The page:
Bottled water is such a generic term. There are so many different kinds of bottled water. Some will be municipal supply water put through reverse osmosis or carbon filters or both. Some will be “spring” water. However, in Australia, at least, all need to adhere to the Trade Practices Act, 1968, specifically Part V, Division 2, Section 71: Implied undertakings as to quality or fitness. State legislation than mandates the use of the HACCP (Hazard Analysis and Critical Control Points) (ISO22000) system for quality control during manufacture.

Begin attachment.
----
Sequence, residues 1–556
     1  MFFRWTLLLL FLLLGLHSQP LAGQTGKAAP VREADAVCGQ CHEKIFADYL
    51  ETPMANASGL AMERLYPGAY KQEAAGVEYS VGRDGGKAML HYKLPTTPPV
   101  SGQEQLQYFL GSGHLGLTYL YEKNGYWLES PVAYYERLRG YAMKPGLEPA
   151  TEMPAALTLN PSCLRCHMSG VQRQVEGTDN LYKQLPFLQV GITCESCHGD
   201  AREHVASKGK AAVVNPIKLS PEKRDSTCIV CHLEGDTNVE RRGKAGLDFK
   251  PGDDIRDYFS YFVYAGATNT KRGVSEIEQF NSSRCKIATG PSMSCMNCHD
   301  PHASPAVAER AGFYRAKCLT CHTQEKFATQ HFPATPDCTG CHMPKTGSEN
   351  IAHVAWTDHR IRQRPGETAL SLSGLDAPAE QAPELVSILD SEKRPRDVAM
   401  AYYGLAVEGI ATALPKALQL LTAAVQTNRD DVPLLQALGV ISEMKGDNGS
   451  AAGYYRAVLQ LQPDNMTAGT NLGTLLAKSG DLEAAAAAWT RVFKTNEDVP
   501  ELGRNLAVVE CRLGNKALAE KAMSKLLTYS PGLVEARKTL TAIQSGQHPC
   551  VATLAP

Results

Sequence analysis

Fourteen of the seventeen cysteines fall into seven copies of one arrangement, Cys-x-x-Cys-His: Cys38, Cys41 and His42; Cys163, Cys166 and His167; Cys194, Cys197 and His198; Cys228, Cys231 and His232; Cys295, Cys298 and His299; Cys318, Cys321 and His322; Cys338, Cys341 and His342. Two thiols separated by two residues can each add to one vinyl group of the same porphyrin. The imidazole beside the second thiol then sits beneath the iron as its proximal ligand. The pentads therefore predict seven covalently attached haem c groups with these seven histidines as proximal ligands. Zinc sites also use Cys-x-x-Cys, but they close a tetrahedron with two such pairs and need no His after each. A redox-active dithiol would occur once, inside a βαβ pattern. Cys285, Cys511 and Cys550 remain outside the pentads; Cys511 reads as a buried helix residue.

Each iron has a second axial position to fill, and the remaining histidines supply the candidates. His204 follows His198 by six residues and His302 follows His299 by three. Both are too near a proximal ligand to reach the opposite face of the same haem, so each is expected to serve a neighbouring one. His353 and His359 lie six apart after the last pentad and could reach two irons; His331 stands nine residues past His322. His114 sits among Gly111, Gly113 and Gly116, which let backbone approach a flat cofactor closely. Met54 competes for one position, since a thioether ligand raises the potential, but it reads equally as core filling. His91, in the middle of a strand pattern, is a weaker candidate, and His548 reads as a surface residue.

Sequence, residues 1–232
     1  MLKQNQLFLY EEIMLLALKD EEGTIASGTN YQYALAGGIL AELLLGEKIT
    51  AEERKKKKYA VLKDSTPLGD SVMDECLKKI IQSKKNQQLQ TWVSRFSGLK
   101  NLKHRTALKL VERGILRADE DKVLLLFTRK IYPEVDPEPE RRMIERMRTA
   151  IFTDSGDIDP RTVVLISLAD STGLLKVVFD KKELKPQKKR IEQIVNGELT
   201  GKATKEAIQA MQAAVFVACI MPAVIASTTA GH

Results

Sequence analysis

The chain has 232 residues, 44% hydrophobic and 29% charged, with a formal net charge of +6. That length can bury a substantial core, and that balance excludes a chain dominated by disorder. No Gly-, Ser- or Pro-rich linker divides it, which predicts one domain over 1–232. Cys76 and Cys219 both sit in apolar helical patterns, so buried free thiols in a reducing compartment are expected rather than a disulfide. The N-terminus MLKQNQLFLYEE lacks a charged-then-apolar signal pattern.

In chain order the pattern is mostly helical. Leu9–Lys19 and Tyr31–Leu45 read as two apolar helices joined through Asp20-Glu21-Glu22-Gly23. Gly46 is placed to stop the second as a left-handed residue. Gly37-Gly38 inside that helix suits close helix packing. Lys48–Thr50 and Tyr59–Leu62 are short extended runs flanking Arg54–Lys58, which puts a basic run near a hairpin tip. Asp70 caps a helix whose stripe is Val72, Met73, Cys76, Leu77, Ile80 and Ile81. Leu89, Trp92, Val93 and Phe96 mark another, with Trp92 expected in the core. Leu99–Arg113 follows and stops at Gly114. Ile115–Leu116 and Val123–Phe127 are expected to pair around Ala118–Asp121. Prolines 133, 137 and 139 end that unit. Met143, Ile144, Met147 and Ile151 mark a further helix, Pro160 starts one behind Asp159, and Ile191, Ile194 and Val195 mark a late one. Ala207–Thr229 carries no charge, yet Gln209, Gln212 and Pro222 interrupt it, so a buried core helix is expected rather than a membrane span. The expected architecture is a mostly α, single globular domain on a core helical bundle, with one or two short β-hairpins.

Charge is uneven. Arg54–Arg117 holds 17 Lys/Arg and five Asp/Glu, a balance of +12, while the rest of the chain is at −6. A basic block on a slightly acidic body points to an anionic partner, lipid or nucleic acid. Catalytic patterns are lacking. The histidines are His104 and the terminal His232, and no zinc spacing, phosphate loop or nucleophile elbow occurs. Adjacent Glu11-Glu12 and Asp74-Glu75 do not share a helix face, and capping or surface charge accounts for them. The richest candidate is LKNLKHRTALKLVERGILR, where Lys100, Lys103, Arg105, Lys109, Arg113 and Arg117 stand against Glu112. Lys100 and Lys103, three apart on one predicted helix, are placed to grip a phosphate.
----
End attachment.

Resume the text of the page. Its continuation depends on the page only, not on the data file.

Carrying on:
So, it is fair to assume that bottled water is safe to drink, however, the first kind of bottled water described, the one that goes through the RO membranes, if that hasn’t been re-calcified, then there is a real and present possibility that it will corrode any calcium. That is, it will almost certainly have significantly (<-22) a negative CCPP (Calcium Carbonate Precipitation Potential). This means prolonged use of the specific kind of bottled water described will inevitably decay your teeth much quicker than normal. If you must use this water (some very sick patients who use dialysis machines need this very pure form of water) then I recommend fluoride tablets, if you can't add a little calcium salt to the water if at all possible, as this will increase the CCPP and make the water less corrosive. A simpler measure (but fair less accurate) of corrosivity is the Langelier Saturation Index, or LSI. This is more of an indicator, whereas CCPP is an analytical measurement. However, the ability to easily compute the LSI makes it a fair more attractive option to use as a “rule-of-thumb” for corrosivity. The formula for LSI is found on the internet in various forms, and this one is not special. The interpretation of LSI is similar to CCPP, however, smaller negative values have a stronger association with corrosion. I.E: Water with a CCPP of -21 may have an LSI of around -5. The relationship between CCPP and LSI is overtly complicated and this is an over simplified view, and LSI should never, NEVER, be used to calculate CCPP. There are specific models for CCPP (RTW4). However, LSI is a good rule-of-thumb. Negative LSI means corrosive water, positive LSI means water that will produce scale (not a problem for your teeth, but may be a problem for your appliances!). Fluoride in tap water mitigates most of the risk of decay from a low CCPP, and due to the nature of most municipal supplies (concrete (i.e. calcium) trunk mains), the CCPP is usually fairly close to zero anyway. Bottom Line: Tap water is a safer bet than bottled water when it comes to dental decay, however, any water over any other drink is recommended. The issues not discussed here, the fact that by drinking (some forms) of bottled water you may be missing out on some prescribed amount of fluoride, is not much of an issue, for if you brush and floss you will undoubtedly get more fluoride than you need to sustain the ion balance in your dentistry.